STATE HOUSE, BOSTON — A press conference called by Republican lawmakers to outline new immigration enforcement legislation devolved into shouting Wednesday as activists opposed to the measure interrupted the event, drawing the attention of a county sheriff who supports the bill.

In an unsigned ruling on Monday, the state's highest court determined there is no legal authority for state and local officials to hold individuals solely at the request of Immigration and Customs Enforcement.

"We are a nation of laws. And I just don't understand why we have politicians and activist judges who keep working to undermine the work of federal departments who are here to keep us safe," said Whitman Rep. Geoff Diehl, who plans to officially launch his U.S. Senate campaign on Aug. 1.

Patricia Montes, executive director of Centro Presente, repeatedly interrupted Diehl, Bristol County Sheriff Thomas Hodgson and other lawmakers showcasing a bill that would expand Bay State law enforcement's arrest powers.

Decrying policies around the country that limit law enforcement from cooperating with federal immigration officials, Hodgson said, "This is not the America that our forefathers created for us. We are a country of laws."

As Montes and others talked over him, Hodgson said, "Ma'am, I'm not going to ask you again to stop interrupting me while I'm giving my statement."

Montes led a group of activists chanting "Keep hate ... out of our state."

The new bill filed by Andover Rep. James Lyons would grant law enforcement in Massachusetts the power to arrest and detain people on federal immigration detainers. It would also give Bay State law enforcement the authorization to enforce the laws of the United States, including immigration law, if they have probable cause to believe a violation has occurred. Under the bill, probable cause can be "based on the personal observations and belief of the officer, or may be based on information provided by reliable sources, including other federal, state or local law enforcement officers."

"The bill sends a clear message that Massachusetts is no longer a safe haven for people who violate our laws by entering our country illegally and will serve instead to honor the rule of law," Hodgson said.

Amy Grunder, director of legislative affairs for the Massachusetts Immigrant and Refugee Advocacy Coalition, told the News Service the bill is "clearly unconstitutional."

Lyons said the bill was "100 percent" intended to address the SJC ruling.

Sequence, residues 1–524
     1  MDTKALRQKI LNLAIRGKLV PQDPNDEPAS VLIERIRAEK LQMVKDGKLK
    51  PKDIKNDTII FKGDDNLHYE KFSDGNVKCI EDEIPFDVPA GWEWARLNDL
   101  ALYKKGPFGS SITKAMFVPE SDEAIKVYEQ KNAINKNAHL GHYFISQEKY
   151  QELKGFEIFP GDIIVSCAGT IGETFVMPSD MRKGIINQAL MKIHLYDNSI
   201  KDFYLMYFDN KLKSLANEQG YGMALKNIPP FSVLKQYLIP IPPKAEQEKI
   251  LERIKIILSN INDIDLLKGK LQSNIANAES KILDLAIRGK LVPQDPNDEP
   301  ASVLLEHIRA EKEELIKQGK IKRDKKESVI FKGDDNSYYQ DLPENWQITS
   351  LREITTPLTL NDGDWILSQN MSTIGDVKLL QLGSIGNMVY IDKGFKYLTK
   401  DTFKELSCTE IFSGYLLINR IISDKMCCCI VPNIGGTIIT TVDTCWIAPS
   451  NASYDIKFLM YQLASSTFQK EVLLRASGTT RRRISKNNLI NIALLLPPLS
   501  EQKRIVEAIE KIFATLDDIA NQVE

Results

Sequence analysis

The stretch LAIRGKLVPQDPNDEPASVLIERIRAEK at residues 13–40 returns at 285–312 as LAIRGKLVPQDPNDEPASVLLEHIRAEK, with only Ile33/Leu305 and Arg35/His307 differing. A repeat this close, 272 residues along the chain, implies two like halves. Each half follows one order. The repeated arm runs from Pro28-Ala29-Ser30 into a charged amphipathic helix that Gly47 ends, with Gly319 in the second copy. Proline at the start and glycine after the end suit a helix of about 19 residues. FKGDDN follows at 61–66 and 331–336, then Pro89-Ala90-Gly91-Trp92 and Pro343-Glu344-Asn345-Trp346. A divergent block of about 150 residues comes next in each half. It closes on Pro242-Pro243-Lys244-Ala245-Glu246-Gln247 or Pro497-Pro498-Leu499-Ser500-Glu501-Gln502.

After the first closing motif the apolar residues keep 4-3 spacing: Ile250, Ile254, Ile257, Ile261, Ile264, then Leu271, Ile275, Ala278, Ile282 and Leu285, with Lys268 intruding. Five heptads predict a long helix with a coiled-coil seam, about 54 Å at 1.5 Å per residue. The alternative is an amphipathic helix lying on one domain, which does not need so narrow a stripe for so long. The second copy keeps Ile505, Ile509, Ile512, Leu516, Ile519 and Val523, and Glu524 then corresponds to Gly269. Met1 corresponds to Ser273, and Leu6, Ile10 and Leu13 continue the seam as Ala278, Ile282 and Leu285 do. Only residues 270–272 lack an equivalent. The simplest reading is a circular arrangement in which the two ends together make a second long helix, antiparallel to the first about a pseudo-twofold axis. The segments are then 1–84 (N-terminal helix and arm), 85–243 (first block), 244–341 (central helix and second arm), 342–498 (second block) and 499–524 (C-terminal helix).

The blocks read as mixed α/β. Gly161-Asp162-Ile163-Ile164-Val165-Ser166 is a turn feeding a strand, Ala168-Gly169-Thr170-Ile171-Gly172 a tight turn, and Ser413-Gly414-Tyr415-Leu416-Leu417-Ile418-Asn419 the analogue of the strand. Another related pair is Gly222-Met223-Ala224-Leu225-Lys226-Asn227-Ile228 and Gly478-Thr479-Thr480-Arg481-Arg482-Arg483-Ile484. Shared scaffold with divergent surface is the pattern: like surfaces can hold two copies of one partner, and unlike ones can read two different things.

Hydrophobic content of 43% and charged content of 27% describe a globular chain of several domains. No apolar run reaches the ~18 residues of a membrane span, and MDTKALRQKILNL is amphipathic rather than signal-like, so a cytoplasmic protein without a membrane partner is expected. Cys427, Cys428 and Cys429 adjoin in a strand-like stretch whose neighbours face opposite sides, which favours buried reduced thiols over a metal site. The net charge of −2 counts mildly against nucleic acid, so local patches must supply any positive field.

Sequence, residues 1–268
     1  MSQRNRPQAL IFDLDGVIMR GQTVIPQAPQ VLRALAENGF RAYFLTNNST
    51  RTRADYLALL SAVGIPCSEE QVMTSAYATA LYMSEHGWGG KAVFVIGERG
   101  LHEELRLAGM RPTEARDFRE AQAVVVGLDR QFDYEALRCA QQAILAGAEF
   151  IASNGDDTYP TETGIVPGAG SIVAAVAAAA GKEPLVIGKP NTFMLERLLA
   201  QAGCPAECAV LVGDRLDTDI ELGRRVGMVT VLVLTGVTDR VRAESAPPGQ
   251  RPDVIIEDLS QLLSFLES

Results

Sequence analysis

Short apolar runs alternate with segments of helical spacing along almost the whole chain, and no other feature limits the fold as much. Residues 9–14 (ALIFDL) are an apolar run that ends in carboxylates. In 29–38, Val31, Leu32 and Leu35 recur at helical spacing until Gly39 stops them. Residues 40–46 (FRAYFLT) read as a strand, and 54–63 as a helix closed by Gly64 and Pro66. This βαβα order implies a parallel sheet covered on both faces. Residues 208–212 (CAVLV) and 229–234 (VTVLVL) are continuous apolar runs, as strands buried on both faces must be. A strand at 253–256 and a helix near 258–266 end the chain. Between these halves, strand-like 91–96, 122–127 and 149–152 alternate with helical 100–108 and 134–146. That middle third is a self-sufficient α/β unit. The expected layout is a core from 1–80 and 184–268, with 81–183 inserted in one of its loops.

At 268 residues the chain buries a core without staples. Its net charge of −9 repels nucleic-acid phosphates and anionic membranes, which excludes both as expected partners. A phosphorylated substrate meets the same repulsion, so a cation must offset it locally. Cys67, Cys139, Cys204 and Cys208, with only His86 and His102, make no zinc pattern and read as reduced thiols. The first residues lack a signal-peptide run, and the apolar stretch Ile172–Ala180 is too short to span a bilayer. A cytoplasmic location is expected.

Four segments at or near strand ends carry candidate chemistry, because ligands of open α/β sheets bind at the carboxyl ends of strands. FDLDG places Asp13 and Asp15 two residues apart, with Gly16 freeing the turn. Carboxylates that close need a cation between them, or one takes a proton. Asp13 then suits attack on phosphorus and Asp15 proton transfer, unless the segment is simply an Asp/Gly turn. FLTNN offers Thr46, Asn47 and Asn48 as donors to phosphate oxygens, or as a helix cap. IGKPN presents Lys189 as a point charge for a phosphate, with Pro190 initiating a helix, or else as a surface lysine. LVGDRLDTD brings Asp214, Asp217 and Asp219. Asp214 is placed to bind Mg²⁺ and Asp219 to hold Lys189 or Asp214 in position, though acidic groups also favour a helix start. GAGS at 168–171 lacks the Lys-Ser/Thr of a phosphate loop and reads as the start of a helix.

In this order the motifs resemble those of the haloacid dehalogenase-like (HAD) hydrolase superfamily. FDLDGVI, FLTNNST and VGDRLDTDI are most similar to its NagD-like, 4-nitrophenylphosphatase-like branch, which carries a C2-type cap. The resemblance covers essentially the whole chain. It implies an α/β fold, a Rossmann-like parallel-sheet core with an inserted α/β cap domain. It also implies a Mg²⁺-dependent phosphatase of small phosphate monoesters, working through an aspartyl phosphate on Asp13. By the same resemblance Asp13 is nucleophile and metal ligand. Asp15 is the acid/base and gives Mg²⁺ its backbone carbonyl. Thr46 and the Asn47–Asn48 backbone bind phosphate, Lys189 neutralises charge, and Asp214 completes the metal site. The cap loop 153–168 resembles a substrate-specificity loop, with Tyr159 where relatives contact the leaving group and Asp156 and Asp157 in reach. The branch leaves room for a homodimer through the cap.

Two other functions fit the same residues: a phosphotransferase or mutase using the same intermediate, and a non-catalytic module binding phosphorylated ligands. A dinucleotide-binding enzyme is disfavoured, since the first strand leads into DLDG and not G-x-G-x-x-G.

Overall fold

Gov. Charlie Baker has appointed a majority of the justices on the seven-member Supreme Judicial Court.

Diehl said he was not accusing the Republican governor of appointing activist judges. "I don't think the governor had a litmus test for who he chose," Diehl told reporters at a State House press conference. He said, "I think Governor Baker chooses judges based on merit."

One of the more outspoken members of the 35-member House Republican caucus, Lyons said he would seek to advance the legislation "any way we can," including as an amendment to the budget or an immigration bill. Taunton Rep. Shaunna O'Connell, a co-sponsor, suggested an expected forthcoming justice reform bill could be a vehicle for the legislation, which had nine co-sponsors when it was filed Tuesday.

Lyons repeatedly asked Montes not to interrupt speakers at the press event held at the bottom of the stairs to Lyons's office, near the fourth floor entrance to the State House library.

A House court officer asked activist Patricia Montes to stop interrupting the press conference. Sam Doran/SHNS
A House court officer asked activist Patricia Montes to stop interrupting the press conference. Sam Doran/SHNS

After an official and a court officer stood in front of Montes and her handwritten sign reading "I support immigrants" - she moved out from behind them into the area between the cameras and reporters and the podium. Hodgson stepped out from his position near the podium, pointing and accusing Montes of blocking people who had been invited to the press conference.

"I'm not going to tell you again," Hodgson said.

"I'm not going to ask you for anything," Montes responded.

After taking some questions from the press, Lyons invited Montes to ask a question.

Montes asked Lyons for statistics on crimes committed by undocumented immigrants - which he said he would provide - and invited supporters of the bill to join immigration rights activists on a trip to Mexico and Central America.

Montes also went back and forth with Billerica Rep. Marc Lombardo.

"You can't even have basic respect for somebody who disagrees with you," Lombardo said. "This is very common to the left."

Montes asked Lombardo what was difference between recent immigrants and his ancestors who traveled to the United States from Italy.

"You are absolutely right it was different because my family followed the laws of the land," Lombardo said.

Lombardo also invoked Somerville Mayor Joe Curtatone, a vocal proponent of shielding people's immigration status from investigation by local authorities.

Lombardo said it has been an "unusual week" where he found agreement with the liberal Somerville mayor.

"Our agreement was on this. As a result of the SJC ruling, we both agree that Massachusetts is now a sanctuary state," Lombardo said.

--By Andy Metzger, State House News Service

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